• Psychodynamic theories view AN as a means of avoiding maturation, especially in sexual terms, or as a means of acquiring independence and/or a sense of achievement, through strict control of diet and weight. These attitudes may stem from disturbed family relationships, which are almost always evident in the established case, although they could then be the result of the condition rather than its cause.

• Cultural theories implicate the social and media pressures urging women to be slim and diet-conscious. For example, published fashion photographs are often stretched lengthwise to make the models look even thinner than they really are. Common to both these approaches is the idea that the anorexia develops, in response to family or peer influences, in a young person who lacks a secure sense of self.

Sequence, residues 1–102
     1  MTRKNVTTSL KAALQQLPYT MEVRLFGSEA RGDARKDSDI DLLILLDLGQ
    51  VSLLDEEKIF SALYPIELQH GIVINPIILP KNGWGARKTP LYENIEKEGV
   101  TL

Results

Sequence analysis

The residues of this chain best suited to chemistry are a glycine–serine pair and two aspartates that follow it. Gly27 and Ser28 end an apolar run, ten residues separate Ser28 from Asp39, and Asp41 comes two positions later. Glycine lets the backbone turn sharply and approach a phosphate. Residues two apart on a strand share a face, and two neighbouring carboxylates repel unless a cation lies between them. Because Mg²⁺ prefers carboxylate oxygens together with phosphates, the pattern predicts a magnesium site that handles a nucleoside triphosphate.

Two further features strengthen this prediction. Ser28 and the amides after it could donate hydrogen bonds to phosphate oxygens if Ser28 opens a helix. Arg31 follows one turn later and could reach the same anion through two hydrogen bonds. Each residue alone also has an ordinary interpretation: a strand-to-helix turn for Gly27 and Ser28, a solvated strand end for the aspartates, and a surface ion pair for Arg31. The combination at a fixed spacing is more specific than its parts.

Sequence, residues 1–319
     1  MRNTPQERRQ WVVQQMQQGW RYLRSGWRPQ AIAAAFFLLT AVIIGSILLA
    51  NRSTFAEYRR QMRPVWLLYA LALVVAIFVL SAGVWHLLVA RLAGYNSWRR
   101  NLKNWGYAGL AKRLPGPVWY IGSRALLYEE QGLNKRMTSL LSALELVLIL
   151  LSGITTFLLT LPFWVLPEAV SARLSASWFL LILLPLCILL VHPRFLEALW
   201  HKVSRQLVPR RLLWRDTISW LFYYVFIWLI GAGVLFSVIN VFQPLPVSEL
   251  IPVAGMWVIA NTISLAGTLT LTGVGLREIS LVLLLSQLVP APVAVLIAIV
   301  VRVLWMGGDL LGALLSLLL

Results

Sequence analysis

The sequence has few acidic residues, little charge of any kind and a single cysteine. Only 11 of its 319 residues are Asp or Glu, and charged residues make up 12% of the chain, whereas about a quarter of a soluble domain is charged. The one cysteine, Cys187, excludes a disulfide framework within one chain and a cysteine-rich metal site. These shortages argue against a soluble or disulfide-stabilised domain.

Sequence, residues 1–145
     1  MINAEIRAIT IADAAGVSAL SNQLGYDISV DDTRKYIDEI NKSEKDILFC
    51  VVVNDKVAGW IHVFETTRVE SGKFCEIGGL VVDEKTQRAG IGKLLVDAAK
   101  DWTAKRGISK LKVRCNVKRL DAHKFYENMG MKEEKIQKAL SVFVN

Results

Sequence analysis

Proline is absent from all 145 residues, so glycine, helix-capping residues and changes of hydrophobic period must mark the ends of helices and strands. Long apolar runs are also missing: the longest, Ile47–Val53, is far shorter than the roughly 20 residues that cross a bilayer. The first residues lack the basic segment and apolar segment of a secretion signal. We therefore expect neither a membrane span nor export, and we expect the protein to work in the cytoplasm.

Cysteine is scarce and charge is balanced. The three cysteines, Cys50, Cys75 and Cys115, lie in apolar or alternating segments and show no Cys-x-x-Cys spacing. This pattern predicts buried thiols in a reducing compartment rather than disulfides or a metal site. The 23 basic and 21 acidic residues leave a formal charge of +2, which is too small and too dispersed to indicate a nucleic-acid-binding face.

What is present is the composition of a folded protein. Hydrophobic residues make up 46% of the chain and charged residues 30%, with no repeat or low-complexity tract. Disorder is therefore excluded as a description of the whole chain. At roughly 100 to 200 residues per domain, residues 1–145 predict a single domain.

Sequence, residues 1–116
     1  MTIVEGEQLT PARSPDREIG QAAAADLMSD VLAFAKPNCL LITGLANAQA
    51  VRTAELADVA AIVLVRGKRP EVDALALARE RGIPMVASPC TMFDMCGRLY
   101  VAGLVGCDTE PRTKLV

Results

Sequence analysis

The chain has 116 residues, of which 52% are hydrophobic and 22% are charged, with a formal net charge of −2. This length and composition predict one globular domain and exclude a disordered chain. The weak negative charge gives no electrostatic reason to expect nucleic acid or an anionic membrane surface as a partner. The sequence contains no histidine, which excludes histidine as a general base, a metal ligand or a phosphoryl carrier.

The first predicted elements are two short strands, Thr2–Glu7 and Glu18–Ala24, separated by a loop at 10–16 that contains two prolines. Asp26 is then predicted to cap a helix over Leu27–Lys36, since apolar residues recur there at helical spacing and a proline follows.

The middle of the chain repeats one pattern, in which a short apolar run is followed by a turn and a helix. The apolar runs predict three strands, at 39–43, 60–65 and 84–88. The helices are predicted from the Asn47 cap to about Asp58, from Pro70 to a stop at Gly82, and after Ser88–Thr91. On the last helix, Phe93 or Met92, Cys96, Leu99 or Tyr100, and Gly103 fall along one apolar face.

• Hormonal imbalance: hypothalamic dysfunction is always present and is probably secondary to the weight loss.

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